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default arguments in member function

P: n/a
Hello All,
The code -

#include <map>
#include <vector>
using namespace std;

class X {
map<int, vector<int> > foo;
public:
void fun(int x = foo.begin()->first) { } // Error on this line
};

int main()
{
X c;
c.fun();
}

Comeau online says -
error: a nonstatic member reference must be relative to a specific
object
void fun(int x = foo.begin()->first)
^

Can't really understand this. Mostly I am missing something quite
basic. Not sure though.

Dec 9 '05 #1
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5 Replies


P: n/a
Neelesh Bodas wrote:
Hello All,
The code -

#include <map>
#include <vector>
using namespace std;

class X {
map<int, vector<int> > foo;
public:
void fun(int x = foo.begin()->first) { } // Error on this line
};

int main()
{
X c;
c.fun();
}

Comeau online says -
error: a nonstatic member reference must be relative to a specific
object
void fun(int x = foo.begin()->first)
^

Can't really understand this. Mostly I am missing something quite
basic. Not sure though.


class X {
map<int, vector<int> > foo;
public:
void fun( int x ) { }
void fun() { fun( foo.begin()->first ); }
};

Cheers! --M

Dec 9 '05 #2

P: n/a
Neelesh Bodas wrote:
The code -

#include <map>
#include <vector>
using namespace std;

class X {
map<int, vector<int> > foo;
public:
void fun(int x = foo.begin()->first) { } // Error on this line
};

int main()
{
X c;
c.fun();
}

Comeau online says -
error: a nonstatic member reference must be relative to a specific
object
void fun(int x = foo.begin()->first)
^

Can't really understand this. Mostly I am missing something quite
basic. Not sure though.


You're not allowed to use data members as default arguments. The
work-around is simple enough, it's overloading:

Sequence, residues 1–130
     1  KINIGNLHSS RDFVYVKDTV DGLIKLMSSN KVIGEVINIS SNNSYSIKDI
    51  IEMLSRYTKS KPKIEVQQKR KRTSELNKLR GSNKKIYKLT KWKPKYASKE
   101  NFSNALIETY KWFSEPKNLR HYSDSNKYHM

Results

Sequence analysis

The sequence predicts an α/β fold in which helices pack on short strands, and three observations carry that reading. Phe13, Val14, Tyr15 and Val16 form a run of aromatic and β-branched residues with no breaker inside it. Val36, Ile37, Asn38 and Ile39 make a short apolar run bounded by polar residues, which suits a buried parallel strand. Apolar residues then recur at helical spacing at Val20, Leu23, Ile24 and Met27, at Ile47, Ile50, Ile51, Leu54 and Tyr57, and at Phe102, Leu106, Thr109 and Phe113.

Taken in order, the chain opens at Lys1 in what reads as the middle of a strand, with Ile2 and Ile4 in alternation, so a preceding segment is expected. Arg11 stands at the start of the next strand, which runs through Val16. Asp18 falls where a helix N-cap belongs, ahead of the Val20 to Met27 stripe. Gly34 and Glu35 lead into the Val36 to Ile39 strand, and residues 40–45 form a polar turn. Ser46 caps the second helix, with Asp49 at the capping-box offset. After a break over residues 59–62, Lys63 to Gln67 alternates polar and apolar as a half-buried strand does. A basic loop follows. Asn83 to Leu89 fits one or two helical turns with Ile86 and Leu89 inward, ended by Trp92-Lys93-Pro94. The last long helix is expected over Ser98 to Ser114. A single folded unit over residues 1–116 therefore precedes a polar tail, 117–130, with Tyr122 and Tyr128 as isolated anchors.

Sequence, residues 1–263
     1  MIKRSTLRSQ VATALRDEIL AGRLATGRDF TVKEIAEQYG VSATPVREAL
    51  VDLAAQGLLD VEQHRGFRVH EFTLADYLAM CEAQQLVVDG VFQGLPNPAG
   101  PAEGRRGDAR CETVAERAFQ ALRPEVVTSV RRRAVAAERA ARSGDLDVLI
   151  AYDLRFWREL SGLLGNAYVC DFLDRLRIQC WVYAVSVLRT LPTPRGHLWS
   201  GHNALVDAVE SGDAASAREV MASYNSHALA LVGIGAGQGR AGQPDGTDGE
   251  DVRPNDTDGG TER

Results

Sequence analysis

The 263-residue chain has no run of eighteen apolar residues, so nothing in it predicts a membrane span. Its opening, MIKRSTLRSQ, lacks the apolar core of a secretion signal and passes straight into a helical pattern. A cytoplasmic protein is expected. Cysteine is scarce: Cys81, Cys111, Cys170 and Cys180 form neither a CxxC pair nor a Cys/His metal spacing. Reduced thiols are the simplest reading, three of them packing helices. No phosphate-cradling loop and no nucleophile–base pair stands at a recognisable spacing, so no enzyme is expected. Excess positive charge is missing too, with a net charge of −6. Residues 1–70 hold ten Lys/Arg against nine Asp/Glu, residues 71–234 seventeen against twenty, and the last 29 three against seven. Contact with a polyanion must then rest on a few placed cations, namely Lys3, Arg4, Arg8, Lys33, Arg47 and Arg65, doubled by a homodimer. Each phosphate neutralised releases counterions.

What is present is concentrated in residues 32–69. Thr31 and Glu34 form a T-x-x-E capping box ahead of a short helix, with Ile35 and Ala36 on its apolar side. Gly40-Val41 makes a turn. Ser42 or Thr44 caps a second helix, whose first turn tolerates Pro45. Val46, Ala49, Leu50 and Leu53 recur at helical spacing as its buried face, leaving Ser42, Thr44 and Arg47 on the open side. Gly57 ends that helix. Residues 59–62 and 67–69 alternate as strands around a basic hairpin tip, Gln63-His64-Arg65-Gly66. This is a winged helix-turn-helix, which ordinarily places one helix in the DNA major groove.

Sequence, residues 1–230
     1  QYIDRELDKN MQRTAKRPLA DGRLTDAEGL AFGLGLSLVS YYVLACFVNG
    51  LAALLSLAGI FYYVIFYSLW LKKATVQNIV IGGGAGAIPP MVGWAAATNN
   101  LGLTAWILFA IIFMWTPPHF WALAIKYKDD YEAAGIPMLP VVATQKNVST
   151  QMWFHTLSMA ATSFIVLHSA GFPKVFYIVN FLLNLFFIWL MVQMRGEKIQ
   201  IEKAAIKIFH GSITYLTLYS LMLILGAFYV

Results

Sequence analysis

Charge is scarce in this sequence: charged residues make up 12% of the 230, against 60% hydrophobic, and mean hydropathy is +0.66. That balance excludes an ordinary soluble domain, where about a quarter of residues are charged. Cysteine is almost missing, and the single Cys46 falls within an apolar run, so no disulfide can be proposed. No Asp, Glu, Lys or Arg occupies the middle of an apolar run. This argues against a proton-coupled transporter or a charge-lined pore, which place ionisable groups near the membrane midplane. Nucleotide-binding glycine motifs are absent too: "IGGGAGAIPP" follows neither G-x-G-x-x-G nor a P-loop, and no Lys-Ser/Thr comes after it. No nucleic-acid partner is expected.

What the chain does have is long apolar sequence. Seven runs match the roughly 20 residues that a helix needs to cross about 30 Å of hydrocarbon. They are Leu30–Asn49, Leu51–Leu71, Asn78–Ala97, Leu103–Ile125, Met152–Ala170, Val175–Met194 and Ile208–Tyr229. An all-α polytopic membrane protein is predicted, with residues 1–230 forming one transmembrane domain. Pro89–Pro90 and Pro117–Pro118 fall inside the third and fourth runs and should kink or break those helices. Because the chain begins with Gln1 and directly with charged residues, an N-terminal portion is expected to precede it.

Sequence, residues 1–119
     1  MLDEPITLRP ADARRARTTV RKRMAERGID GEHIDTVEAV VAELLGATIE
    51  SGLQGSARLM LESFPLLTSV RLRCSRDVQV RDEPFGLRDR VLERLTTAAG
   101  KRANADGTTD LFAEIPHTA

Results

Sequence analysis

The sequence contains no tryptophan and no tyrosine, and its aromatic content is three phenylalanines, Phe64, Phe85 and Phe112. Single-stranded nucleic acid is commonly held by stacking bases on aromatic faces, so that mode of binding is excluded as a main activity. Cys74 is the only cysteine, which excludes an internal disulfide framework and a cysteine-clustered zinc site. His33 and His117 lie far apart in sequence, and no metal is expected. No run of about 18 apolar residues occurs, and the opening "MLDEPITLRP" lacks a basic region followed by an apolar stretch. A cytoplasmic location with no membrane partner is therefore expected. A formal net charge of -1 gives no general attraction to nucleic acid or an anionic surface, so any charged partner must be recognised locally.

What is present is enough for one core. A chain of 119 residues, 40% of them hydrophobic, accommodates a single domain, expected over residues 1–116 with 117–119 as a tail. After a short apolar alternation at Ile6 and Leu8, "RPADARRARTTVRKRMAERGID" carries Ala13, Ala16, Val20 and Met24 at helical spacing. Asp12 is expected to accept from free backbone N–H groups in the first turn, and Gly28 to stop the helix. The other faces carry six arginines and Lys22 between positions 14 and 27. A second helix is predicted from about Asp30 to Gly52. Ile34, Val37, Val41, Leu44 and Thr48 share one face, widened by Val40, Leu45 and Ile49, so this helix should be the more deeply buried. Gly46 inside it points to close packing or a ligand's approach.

class X {
map<int, vector<int> > foo;
public:
void fun(int x) { }
void fun() { fun(foo.begin()->first); }
};

HTH

V
Dec 9 '05 #3

P: n/a

mlimber wrote:
class X {
map<int, vector<int> > foo;
public:
void fun( int x ) { }
void fun() { fun( foo.begin()->first ); }
};


Thanks.Could you please explain the meaning of
error: a nonstatic member reference must be relative to a specific object


Is there a rule that the default argument to a member function cannot
be the return value of another member function (or a rule more general
than that) ?

Dec 9 '05 #4

P: n/a

Victor Bazarov wrote:

You're not allowed to use data members as default arguments. The
work-around is simple enough, it's overloading:


It seems even member functions are not allowed -

int X::bar();
void X::foo(int x= bar()) { } // Similar Error.

Dec 9 '05 #5

P: n/a
Neelesh Bodas wrote:
Victor Bazarov wrote:
You're not allowed to use data members as default arguments. The
work-around is simple enough, it's overloading:

It seems even member functions are not allowed -

int X::bar();
void X::foo(int x= bar()) { } // Similar Error.


Yes, any members (that would require implicit 'this->') are not allowed.

V
Dec 9 '05 #6

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